2015 and 2016 were hard for food tech startups, but the ones that survived are not only thriving, but also coming up with new features to improve their offerings.
Swiggy has launched Swiggy Scheduled, through which users can pre-order their food on its platform. Users will be able to order their food up to 2 days in advance through Swiggy Scheduled, and will able to get deliveries within 30 minute slots. Swiggy will not levy an additional charge for the service, and users will be able to cancel their orders any time before they become live.
“At Swiggy, we are constantly looking for new and powerful ways to serve our consumers’ every food need. Sometimes convenience means being able to plan ahead, especially when order delivery time is crucial,” said Swiggy’s VP for Products Anuj Rathi. The feature is currently live in Hyderabad and Chennai, and will be rolled out in other cities by March.
The feature seems so rudimentary that it’s surprising that no food delivery app hasn’t come up with it yet. There are certainly times when you know exactly when you’ll need food, but you’d rather not whip out the app 45 mins before you want it to be delivered. The feature can come in handy for parties — instead of breaking away and tapping on an app while a party is in full swing, hosts can schedule an order in advance. It can also be nice to schedule an order midway through work for it to be delivered when you reach home.
But on the back end, it can be pretty involved to run such a feature — an food delivery company would need to know which restaurants are open for accepting hours at any time of the day, and which ones are able to reliably deliver orders at those times. But with food aggregators having now been running in India for the last few years, they have access of plenty of data, and can build on their core offerings to start providing more sophisticated features to their customers.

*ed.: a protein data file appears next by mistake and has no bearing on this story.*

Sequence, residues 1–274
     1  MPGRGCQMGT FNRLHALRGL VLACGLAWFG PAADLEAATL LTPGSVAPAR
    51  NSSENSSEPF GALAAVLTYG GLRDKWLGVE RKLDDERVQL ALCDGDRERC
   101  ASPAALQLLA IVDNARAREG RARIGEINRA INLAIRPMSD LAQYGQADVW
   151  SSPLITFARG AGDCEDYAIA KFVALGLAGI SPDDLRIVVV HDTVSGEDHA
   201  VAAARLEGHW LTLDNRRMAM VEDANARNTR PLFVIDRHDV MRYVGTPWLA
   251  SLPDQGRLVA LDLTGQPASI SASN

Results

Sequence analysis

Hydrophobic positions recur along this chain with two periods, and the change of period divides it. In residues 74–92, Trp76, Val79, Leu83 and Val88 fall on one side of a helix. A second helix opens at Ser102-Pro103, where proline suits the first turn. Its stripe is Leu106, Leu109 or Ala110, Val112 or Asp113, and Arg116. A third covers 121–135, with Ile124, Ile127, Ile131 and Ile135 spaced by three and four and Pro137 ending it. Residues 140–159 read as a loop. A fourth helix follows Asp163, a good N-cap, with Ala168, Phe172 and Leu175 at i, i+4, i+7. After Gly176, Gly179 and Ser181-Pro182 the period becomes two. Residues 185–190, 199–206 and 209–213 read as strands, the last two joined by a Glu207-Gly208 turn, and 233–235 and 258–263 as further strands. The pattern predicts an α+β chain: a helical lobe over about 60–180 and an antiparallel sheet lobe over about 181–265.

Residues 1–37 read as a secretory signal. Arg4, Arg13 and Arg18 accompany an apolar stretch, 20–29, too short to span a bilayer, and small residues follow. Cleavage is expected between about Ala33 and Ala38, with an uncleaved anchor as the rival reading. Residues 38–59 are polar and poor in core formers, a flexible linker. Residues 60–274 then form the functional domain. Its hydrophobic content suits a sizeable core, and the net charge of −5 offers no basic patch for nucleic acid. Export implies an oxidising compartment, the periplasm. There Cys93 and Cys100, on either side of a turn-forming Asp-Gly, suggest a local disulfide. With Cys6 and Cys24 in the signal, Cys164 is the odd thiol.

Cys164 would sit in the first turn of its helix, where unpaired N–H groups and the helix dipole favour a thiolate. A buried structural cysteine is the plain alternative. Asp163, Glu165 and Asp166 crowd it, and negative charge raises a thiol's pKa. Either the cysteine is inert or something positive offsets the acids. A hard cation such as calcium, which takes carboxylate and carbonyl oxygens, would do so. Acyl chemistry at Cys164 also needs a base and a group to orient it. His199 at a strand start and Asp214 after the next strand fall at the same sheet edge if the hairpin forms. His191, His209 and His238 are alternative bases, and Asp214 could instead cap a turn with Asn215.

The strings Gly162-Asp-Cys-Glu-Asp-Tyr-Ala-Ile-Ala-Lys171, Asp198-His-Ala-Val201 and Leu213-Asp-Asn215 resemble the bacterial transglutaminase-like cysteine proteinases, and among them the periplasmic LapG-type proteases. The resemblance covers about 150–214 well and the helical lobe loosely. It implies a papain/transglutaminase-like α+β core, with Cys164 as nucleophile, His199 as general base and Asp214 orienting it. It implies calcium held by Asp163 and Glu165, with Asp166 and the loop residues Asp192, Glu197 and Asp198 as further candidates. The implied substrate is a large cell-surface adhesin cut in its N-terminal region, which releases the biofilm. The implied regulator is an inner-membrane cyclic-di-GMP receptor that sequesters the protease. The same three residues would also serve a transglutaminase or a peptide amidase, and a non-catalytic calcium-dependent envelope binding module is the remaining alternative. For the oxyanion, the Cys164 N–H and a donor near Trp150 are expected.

And it’s not only through Swiggy Scheduled that companies have been helping their customers get a better food delivery experience. Zomato’s cloud kitchens, which have now been adopted by other players as well, are tailor-made for the food delivery format — the kitchens are shared between several restaurants, and located in low-rent areas. The savings from shared kitchens and low rents are then passed onto the customers, who don’t care if the food that they’ve ordered has been cooked in a cloud kitchen or a full service restaurant. Zomato also has been running loyalty programs, such as Zomato Treats, that are exclusively for food ordering customers.
Customers have clearly been responding to these initiatives, and investors seem to have noticed. Zomato raised Rs. 1300 crore from Alibaba earlier this year, and Swiggy ended up raising Rs. 650 crore a week later. Last year, Foodpanda had been acquired by Ola, who’d committed to investing another Rs. 1300 crore into the company. After a torrid couple of years, food tech is hot again, and like Swiggy Scheduled shows, that means even more options for the discerning food ordering customer.